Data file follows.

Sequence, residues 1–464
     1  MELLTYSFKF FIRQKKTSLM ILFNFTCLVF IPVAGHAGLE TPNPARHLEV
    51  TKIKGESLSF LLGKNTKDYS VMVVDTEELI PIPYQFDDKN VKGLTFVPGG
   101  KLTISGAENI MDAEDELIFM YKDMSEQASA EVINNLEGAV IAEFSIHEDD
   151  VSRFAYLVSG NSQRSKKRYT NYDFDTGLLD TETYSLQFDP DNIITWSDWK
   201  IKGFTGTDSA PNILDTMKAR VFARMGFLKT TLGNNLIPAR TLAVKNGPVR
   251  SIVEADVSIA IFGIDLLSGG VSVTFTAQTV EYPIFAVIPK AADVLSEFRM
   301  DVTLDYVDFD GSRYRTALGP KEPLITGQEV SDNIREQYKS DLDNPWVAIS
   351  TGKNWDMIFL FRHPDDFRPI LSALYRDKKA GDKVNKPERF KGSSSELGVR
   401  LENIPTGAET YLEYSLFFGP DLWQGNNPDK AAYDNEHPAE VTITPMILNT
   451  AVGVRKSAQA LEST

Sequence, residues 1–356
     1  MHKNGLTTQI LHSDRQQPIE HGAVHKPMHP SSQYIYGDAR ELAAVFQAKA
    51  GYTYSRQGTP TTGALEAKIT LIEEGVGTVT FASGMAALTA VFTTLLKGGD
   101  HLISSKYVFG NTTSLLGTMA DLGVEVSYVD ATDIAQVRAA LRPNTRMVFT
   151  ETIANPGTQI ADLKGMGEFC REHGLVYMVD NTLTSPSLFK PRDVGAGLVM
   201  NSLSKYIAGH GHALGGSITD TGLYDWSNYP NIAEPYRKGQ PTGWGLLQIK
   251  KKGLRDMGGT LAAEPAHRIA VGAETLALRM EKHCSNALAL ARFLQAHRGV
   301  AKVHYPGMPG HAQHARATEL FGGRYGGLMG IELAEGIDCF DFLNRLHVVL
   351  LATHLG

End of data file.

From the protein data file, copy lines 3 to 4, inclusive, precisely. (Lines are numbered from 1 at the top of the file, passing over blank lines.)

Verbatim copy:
    51  TKIKGESLSF LLGKNTKDYS VMVVDTEELI PIPYQFDDKN VKGLTFVPGG
   101  KLTISGAENI MDAEDELIFM YKDMSEQASA EVINNLEGAV IAEFSIHEDD